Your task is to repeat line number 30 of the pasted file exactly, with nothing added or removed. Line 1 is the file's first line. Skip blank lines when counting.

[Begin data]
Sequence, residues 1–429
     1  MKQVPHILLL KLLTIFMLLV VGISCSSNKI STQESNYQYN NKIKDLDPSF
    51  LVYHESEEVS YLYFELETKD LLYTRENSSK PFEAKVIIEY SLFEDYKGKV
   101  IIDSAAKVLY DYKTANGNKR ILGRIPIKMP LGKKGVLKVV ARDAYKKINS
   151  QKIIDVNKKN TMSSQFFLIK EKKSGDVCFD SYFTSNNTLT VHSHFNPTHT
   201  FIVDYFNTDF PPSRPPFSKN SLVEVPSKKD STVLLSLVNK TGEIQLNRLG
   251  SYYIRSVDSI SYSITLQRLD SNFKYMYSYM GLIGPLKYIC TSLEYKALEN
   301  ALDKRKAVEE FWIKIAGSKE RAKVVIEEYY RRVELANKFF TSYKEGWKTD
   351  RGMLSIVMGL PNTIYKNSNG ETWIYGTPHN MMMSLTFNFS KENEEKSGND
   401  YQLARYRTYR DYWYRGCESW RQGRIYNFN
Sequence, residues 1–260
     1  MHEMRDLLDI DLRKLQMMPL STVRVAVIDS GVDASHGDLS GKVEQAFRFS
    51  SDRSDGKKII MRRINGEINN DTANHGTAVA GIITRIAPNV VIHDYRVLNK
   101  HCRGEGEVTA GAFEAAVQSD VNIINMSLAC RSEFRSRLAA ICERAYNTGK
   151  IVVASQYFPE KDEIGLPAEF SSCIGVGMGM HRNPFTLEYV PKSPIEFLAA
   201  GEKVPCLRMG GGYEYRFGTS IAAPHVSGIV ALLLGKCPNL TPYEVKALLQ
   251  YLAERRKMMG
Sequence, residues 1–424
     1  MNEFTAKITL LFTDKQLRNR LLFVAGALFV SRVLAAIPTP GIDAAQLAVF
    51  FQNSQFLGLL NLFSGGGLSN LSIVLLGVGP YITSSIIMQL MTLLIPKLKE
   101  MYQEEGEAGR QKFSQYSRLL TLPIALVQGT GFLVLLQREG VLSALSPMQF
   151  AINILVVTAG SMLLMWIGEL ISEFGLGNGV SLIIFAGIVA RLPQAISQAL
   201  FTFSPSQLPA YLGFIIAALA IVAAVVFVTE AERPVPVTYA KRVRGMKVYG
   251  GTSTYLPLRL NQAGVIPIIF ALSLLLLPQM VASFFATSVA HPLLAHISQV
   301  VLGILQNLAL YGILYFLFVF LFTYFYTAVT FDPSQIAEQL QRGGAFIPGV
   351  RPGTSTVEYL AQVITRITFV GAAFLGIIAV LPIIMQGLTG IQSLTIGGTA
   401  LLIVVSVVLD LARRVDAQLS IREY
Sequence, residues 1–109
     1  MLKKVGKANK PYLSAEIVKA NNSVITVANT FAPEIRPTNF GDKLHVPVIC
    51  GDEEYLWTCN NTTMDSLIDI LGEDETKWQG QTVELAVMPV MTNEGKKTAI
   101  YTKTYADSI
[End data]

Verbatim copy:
    51  GDEEYLWTCN NTTMDSLIDI LGEDETKWQG QTVELAVMPV MTNEGKKTAI